Google's 'La Femme Nikita' Hookup
Google online video destination site YouTube scored a solo Web date with "La Femme Nikita" director Luc Besson, premiering the director's new 90-minute environmental documentary film, "Home."
The official Google blog noted that Home will "exclusively be available online on YouTube for English, French, Spanish and German-speaking countries beginning June 5 -- just in time for the 37th World Environment Day." You can already get a preview on the Home YouTube channel.
This is a huge win for Google over Hulu, and highlights some of Hulu's major warts. For starters, Hulu is the creature of NBC Universal and News Corp.; rival film studios are unlikely to want to put money in the pockets of those fellows. Moreover, Hulu is focused on English-language programming, while YouTube (and Google) have a much more global view.
Globally, YouTube is the world's second-most searched Web site (trailing, guess who? Google) and among the top five sites visited worldwide, according to Google spokesperson Chris Dale. Registered users upload 15 hours of video per minute to the site, which gets 5.3 billion views per month. Put that in your pipe and smoke it, Rupert.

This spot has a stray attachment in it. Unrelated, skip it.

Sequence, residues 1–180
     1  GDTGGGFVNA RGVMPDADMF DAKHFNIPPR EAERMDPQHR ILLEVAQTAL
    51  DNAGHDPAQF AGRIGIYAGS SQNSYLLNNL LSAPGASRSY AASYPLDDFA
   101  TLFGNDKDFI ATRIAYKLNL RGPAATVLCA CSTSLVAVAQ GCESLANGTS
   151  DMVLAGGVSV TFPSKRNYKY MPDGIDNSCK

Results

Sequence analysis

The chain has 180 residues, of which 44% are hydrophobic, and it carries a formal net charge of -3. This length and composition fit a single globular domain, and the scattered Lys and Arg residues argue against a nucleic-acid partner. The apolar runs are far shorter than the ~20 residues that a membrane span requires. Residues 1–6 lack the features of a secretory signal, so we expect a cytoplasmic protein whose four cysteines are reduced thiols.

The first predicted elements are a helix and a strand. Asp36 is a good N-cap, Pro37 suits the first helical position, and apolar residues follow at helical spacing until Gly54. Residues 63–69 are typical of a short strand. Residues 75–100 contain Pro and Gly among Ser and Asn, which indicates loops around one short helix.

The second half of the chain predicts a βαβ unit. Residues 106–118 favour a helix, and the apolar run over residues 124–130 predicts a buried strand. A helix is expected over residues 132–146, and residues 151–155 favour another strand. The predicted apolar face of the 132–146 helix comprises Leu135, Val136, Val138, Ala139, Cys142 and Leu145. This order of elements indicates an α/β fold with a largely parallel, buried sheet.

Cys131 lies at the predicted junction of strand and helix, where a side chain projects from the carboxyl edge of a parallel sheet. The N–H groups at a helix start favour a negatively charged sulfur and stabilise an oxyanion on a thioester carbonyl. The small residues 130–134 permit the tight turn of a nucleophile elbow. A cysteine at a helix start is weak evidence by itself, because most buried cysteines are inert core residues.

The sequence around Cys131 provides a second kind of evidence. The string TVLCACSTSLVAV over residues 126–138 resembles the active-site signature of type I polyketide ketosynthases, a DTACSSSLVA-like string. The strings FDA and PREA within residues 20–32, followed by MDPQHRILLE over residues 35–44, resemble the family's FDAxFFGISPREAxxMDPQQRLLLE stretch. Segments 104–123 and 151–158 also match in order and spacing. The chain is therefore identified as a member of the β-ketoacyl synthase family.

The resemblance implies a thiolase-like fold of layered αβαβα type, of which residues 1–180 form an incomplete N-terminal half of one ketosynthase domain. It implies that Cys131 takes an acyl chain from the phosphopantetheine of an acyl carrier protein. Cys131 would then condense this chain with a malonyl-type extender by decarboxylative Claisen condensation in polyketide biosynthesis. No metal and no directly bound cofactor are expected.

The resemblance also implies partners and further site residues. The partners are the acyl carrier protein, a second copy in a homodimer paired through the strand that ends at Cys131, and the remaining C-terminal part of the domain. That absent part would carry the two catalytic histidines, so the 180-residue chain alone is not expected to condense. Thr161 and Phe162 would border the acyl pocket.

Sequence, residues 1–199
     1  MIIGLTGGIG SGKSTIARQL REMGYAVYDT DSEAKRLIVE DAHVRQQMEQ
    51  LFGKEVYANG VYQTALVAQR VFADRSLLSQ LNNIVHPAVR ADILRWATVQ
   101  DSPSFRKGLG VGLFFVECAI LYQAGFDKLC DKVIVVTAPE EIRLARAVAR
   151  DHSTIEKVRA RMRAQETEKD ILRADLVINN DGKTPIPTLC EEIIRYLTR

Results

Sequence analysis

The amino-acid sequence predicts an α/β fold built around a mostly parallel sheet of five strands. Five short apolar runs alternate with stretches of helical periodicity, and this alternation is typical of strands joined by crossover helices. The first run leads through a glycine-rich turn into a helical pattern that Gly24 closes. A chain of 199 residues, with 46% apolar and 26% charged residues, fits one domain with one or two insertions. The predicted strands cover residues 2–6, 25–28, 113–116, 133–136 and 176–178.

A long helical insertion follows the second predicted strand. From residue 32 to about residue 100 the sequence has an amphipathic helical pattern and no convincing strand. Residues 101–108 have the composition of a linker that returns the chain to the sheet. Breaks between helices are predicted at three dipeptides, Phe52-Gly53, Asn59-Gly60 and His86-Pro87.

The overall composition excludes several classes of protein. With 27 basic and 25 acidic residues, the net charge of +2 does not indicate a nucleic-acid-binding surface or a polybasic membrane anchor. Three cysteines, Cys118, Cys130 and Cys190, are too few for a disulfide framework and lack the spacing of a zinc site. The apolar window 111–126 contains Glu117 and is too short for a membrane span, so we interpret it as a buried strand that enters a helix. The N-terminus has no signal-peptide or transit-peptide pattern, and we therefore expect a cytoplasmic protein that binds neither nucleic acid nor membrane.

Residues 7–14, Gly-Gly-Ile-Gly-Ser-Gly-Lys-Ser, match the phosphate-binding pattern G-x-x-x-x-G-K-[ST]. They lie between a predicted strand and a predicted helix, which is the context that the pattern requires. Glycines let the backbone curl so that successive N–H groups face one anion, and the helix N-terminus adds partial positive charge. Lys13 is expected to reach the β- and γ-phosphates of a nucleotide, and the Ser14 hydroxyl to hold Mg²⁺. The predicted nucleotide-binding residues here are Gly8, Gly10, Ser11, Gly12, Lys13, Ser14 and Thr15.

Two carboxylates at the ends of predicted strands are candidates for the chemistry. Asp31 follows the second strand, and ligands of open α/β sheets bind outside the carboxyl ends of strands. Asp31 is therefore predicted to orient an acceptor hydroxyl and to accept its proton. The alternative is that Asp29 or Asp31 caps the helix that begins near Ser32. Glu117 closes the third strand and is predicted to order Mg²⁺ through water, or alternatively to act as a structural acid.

Despite a slew of content deals with major movie and television studios, Dale told me YouTube intends to preserve its heritage as a home for user-generated content. So how are you going to make money on that stuff anyway? Dale said the idea that marketers are leery of advertising on UGC (user-generated content) is a "myth ... The joke is that advertisers don't like UGC."
The company also offers tools such as YouTube Insight to help marketers pinpoint how specific user demographics are interacting with content, helping determine where users are fast-forwarding or quitting on a piece of content.